Co-financing feasibility, barriers and enablers: the case of Tanzania - Michelle Remme

‘Co-financing’ refers to the pooling of HIV financing with other disease-specific programmes and other development sectors to implement upstream interventions with multiple benefits. It may offer an important way to optimise HIV financing and efficiency, without crowding out other programmes that may have spill-over HIV benefits. However, coordinating and budgeting between and across sectors can be institutionally challenging.

What works to prevent violence against women and girls?

STRIVE attended a learning event targeted at practitioners and academics to consider the latest evidence and practice to eradicate violence against women and girls globally.

STRIVE attended a learning event targeted at practitioners and academics to consider the latest evidence and practice to eradicate violence against women and girls globally.

Sex, risk, and preferences: Using discrete choice experiments to estimate the impact and cost-effectiveness of multipurpose HIV prevention products in South Africa

A promising area in HIV prevention is the development of multipurpose prevention technologies (MPTs), products which offer users protection from HIV, other STIs, or unintended pregnancy.

Hashtag activism: popularizing feminist analysis of violence against women in the Horn, East and Southern Africa

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Social media is ushering in a new era of mobilising for social change and it is a promising tool for spreading feminist discourse. Earlier this year, the Women’s March, initially planned for Washington DC to protest against growing conservatism, sparked activism around the world. A global wave of awareness and action on violence against women (VAW) is emerging from campaigns such as #EverydaySexism, #UrgentAction4Women, and #EndFGM (female genital mutilation), opening new opportunities for feminist movement building.

One year in: lessons on rolling out an HIV prevention pill in South Africa

You can’t burn the house down because of one bedbug: a qualitative study of changing gender norms in the prevention of violence against women and girls in an urban informal settlement in India

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The contribution of structural inequalities and social legitimisation to violence against women is widely accepted and there is a consensus that interventions should aim to change gender norms, particularly through community mobilsation.

This qualitative study in a large informal settlement in Mumbai sought to understand whether in trying to change norms, the disjunction between descriptive norms and injunctive norms could be utilised.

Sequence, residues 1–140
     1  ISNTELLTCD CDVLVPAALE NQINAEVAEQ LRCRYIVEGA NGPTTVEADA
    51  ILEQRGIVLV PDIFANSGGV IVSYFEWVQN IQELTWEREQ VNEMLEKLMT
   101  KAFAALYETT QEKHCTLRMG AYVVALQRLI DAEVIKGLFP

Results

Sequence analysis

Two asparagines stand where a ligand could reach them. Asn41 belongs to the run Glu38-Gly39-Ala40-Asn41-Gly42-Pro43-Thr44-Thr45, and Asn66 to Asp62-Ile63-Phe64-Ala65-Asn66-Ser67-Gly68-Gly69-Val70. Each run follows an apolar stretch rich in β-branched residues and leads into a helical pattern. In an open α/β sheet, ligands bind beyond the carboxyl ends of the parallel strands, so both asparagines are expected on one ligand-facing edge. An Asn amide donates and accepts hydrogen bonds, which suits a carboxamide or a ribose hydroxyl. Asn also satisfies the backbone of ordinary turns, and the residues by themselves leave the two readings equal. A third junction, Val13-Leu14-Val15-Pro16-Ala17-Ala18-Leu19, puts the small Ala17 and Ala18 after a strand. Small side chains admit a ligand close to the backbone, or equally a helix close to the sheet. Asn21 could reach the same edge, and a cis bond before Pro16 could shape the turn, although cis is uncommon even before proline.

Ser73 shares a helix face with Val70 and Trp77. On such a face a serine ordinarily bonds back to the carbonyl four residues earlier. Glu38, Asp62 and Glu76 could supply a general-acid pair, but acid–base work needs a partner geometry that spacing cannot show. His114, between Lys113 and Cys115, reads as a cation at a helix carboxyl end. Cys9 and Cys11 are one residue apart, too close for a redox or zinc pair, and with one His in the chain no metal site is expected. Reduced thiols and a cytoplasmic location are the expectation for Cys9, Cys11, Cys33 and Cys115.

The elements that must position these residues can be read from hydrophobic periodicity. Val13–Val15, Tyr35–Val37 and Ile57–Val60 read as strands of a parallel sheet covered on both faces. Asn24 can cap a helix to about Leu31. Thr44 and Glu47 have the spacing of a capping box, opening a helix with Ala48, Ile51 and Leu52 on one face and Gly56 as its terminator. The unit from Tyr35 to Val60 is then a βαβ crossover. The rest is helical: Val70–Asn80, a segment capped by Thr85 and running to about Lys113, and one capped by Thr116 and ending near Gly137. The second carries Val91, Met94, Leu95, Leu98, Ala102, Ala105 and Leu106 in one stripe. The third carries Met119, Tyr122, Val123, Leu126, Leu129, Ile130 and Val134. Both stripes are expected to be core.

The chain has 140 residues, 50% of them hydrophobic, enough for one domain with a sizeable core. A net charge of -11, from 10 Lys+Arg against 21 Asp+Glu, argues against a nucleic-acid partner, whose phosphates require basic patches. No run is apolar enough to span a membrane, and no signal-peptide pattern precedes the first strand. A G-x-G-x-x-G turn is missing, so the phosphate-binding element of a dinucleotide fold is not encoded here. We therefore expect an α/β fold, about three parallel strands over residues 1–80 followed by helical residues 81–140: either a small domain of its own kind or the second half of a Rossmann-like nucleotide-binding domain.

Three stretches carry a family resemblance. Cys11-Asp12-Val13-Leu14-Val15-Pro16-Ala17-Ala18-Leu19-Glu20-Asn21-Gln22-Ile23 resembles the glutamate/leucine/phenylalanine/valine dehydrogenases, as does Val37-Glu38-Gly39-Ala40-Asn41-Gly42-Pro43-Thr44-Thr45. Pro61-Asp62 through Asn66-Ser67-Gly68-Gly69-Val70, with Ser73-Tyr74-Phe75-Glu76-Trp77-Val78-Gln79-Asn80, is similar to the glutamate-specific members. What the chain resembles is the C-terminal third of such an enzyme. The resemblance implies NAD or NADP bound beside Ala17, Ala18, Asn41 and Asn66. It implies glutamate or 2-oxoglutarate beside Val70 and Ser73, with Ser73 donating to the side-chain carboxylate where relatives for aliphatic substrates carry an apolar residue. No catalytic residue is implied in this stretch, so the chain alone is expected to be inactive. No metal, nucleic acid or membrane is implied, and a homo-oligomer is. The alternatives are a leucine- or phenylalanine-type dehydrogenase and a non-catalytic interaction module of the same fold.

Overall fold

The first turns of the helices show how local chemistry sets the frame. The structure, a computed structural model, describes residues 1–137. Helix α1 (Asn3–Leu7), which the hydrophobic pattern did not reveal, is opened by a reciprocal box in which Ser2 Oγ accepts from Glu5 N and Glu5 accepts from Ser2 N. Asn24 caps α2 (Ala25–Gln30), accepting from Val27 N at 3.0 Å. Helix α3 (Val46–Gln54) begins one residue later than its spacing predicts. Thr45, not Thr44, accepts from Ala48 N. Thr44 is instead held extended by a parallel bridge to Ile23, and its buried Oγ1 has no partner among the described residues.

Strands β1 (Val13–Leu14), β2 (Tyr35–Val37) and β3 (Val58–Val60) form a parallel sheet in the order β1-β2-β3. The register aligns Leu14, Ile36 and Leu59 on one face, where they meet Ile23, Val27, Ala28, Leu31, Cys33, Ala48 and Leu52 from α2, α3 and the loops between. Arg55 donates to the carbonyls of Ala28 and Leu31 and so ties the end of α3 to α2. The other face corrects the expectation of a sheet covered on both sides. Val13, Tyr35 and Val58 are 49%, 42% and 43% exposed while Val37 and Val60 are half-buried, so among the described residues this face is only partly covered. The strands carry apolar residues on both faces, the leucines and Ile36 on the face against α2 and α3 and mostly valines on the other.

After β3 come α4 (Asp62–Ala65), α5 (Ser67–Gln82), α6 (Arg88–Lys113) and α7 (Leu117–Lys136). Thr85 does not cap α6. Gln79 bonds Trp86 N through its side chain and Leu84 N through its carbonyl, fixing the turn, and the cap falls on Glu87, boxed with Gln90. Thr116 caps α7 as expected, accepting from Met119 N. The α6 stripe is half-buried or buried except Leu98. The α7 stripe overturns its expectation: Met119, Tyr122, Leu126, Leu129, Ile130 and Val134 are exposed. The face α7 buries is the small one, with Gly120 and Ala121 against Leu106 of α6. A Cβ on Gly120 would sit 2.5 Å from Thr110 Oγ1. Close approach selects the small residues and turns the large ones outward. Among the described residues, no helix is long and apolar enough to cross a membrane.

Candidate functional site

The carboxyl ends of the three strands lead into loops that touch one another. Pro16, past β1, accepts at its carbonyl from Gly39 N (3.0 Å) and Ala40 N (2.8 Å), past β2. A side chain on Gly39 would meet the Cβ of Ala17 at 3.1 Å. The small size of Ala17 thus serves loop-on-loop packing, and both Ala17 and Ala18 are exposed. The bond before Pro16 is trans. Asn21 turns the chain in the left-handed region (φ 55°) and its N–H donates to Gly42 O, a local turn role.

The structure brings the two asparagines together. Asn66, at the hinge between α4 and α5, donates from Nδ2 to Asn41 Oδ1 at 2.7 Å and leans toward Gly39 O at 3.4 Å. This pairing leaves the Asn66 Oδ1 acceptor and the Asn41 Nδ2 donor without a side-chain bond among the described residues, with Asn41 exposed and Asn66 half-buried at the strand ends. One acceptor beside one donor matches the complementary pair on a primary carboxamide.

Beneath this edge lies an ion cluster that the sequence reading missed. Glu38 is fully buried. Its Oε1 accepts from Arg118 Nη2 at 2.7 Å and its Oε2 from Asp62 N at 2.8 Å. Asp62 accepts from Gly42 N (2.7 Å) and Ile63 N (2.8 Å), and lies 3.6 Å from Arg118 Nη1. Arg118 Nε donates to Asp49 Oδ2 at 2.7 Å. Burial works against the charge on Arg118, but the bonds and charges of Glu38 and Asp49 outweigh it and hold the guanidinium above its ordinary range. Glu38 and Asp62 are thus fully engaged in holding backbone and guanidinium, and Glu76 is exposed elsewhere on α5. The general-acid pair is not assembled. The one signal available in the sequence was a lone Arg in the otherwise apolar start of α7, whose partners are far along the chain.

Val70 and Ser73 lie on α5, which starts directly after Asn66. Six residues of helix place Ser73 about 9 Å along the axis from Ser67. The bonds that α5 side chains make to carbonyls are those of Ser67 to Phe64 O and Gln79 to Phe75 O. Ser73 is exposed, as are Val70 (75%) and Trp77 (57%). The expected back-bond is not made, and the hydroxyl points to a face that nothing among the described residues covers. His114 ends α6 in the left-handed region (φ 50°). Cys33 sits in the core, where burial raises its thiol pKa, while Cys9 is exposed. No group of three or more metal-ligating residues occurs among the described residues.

Descriptive norms are beliefs about what others actually do

Rigged or rigorous? Partnerships for research and evaluation of complex social problems: Lessons from the field of violence against women and girls

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There is a growing demand for robust evidence to address complex social phenomena such as violence against women and girls (VAWG). Research partnerships between scientists and non-governmental or international organisations (NGO/IO) are increasingly popular bur can pose challenges, including concerns about potential conflicts of interest.

World AIDS Day 2017

World AIDS Day takes place on the 1st December each year and provides an opportunity for people worldwide to unite against HIV, to show support for people living with HIV, and to commemorate those who have died from an AIDS-related illness. Founded in 1988, World AIDS Day was the first ever global health day. This years theme is 'Let's end it!: End isolation, end stigma, end HIV transmission'. 

Co-financing feasibility, barriers and enablers: the case of Tanzania

Join us for a free webinar on 14 December 2017, 12 noon GMT.

Join us for a free webinar on 14 December 2017, 12 noon GMT.

Preventing gender-based violence victimization in adolescent girls in lower-income countries: Systematic review of reviews

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This systematic review of reviews synthesises evidence on the impact of interventions to prevent violence against adolescent girls and young women 10–24 years in low- and middle-income countries. Theories of women's empowerment and the social ecology of multifaceted violence framed the review. Child abuse, female genital mutilation/cutting, child marriage, intimate partner violence, and sexual violence were focal outcomes. 

The main findings reveal that:

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